We recently posted the introduction to photojournalist William Parry’s new book Against the Wall: The Art of Resistance in Palestine, as well as a selection of images. Below please find one final excerpt from the book, detailing the struggle of a Palestinian man named Abdul Halim whose home in Nazlit Issa in the northwestern West Bank was commandeered as a base for the Israeli army while his territorial holdings were truncated by the West Bank Wall. Following the excerpt are 9 images of Abdul Halim, his home and village, and the Wall.
All photographs by William Parry.
(Click here to view an interview with Parry on Rattansi & Ridley.)
If you were Abdul Halim, with a wife and children dependent on you, what would you do? You’re building a large, new home for the family – your sons are nearing that age when they will marry and they will share the house and start their own families. As the house nears completion, Israeli soldiers recognise its strategic position and decide they’ll position themselves on the rooftop – and there they set up base. The commander, his soldiers and their guns say: ‘We’re going to use your rooftop whether you like it or not.’ They station themselves there for 18 months and completion of the house is postponed as it’s now effectively a military structure, replete with bullet-proof glass. Things then get even worse: the house abuts the Green Line and you receive notice that the building you have nearly completed is going to be demolished to make way for the Wall. However, the Israeli military intervenes, telling the Israeli Civil Administration folk: ‘Don’t demolish it, we’re using it.’ Civil Administration agrees to freeze the demolition order – and it remains frozen to this day.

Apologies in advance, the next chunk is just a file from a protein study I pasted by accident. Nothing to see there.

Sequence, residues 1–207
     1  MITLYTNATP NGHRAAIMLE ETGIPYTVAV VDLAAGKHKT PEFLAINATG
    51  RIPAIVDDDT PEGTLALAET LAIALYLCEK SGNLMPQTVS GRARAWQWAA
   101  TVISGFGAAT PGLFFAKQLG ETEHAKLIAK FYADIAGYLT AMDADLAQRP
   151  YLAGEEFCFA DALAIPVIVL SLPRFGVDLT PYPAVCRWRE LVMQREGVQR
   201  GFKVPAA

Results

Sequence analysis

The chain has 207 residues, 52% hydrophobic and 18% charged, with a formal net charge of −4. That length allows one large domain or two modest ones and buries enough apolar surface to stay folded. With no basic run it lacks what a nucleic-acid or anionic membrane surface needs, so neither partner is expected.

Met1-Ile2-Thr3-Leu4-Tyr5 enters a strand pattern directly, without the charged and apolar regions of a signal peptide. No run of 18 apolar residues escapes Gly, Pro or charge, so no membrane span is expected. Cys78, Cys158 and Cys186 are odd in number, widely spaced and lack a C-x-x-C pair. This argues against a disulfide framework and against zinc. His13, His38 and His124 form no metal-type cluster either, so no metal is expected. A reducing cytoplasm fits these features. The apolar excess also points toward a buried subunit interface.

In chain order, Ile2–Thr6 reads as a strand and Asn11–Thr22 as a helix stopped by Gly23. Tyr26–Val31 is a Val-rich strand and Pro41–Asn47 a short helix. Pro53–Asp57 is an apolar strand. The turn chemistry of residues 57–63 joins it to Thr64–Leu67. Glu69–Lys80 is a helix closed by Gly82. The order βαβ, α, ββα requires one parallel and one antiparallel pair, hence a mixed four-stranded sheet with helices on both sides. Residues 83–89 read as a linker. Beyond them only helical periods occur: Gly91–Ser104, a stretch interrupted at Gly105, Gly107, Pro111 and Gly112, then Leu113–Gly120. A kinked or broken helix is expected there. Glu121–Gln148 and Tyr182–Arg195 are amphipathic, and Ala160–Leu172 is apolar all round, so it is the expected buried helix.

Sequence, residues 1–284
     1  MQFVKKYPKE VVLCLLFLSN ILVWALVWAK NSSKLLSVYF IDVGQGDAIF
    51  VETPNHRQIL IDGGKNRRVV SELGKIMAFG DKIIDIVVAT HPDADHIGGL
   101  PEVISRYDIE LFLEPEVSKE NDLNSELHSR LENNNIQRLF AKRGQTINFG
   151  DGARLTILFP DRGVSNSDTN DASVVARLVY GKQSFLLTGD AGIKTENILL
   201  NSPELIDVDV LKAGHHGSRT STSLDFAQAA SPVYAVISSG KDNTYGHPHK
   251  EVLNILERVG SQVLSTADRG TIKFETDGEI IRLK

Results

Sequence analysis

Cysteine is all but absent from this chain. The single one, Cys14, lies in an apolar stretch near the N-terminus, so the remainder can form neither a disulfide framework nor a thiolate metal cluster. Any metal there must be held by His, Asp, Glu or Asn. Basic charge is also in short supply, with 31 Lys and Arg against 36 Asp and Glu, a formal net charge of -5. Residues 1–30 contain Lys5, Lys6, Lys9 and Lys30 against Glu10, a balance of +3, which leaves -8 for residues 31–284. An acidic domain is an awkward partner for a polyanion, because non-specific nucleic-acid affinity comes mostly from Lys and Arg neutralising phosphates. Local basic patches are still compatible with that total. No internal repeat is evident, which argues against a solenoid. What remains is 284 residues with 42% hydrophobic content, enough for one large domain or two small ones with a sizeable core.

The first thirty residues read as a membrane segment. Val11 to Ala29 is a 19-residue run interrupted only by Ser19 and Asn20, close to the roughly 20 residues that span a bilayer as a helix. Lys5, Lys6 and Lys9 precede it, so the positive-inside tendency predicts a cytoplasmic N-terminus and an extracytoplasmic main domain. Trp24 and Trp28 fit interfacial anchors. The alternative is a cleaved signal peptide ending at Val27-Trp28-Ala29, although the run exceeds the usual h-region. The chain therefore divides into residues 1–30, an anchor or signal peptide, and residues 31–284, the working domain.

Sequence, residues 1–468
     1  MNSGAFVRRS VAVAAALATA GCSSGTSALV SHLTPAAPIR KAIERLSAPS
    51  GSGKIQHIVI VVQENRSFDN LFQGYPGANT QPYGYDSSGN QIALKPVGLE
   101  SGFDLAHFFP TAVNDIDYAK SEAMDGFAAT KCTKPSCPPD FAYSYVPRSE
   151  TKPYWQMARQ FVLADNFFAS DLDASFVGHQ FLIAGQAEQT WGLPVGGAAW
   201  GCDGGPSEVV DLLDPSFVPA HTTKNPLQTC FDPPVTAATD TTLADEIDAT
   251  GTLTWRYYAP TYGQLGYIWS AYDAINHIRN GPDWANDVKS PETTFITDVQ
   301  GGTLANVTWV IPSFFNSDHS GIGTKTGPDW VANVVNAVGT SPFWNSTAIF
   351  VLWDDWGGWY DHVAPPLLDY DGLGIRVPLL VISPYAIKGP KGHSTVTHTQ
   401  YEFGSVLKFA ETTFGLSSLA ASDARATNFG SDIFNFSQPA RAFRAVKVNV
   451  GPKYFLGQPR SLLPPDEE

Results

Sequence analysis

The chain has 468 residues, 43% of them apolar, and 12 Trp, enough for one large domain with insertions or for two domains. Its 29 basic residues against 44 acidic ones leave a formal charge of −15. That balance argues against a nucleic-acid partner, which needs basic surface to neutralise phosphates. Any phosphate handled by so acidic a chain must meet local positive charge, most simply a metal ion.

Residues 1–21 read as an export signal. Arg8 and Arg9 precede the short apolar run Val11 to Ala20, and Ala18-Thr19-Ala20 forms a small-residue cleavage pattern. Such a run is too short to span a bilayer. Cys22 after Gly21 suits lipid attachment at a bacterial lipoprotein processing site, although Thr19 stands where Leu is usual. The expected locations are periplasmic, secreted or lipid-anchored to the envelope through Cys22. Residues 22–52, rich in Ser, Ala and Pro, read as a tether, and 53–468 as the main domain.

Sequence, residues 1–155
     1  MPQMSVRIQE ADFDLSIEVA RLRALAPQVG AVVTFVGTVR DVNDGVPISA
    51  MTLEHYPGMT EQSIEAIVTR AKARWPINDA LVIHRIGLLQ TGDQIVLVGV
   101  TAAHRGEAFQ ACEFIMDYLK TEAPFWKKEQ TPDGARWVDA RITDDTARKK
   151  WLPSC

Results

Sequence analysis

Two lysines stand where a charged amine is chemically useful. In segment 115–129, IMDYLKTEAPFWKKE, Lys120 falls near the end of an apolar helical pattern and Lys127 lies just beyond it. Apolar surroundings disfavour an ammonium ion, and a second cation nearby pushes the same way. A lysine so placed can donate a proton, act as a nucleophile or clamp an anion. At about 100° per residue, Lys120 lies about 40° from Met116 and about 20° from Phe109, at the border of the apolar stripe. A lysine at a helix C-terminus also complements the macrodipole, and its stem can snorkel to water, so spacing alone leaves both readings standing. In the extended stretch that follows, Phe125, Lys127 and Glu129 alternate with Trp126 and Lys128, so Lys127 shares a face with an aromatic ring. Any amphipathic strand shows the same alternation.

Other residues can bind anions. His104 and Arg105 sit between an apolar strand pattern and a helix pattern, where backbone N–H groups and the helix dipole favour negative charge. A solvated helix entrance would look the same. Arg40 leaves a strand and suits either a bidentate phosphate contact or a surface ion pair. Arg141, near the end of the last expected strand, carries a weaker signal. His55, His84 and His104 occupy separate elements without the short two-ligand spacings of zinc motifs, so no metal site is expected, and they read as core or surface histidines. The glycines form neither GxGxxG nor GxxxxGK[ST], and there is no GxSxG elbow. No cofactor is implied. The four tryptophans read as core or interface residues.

Continue reading “The Saga of Abdul Halim”
This is the question posed by photojournalist William Parry at the start of his new book Against the Wall: The Art of Resistance in Palestine (Pluto Press, May 2010), in which he documents graffiti artwork on the West Bank Wall and the stories of Palestinians whose lives are affected by said monstrosity.
Below is the introduction to the book, which has been endorsed by political cartoonist Joe Sacco, among others.
Check back early next week for a selection of images from Against the Wall.
In December 2007, the celebrated and famously elusive British street artist, Banksy, and a London-based organisation called Pictures on Walls, relocated their annual ‘squat art concept store’ called Santa’s Ghetto from London to Bethlehem and invited 14 other international street artists to join him to work with Palestinian artists. The concept was simple: the artists would make artwork available for sale by auction to the public – but those wanting to buy an original work of art by Banksy or the others had to physically go to Bethlehem, witness Israel’s occupation and checkpoints, and bid in person. The artists also used the opportunity to utilise the Wall as a giant billboard for their own political messages with some massive, stunning images – wall spaces throughout the city were also populated with work that challenged or subverted understandings about the reality faced by Palestinians under occupation. Within a few short weeks, Santa’s Ghetto had raised over $1 million from art sales for local charities and brought Bethlehem and the Wall to the world’s attention in a way that transcended language and engaged millions who wouldn’t ordinarily take an interest in Israel’s illegal occupation of Palestine. Just as important, it sent a message to the people of Palestine: you are not alone in your struggle.
Continue reading “Is the spray can mightier than the sword?”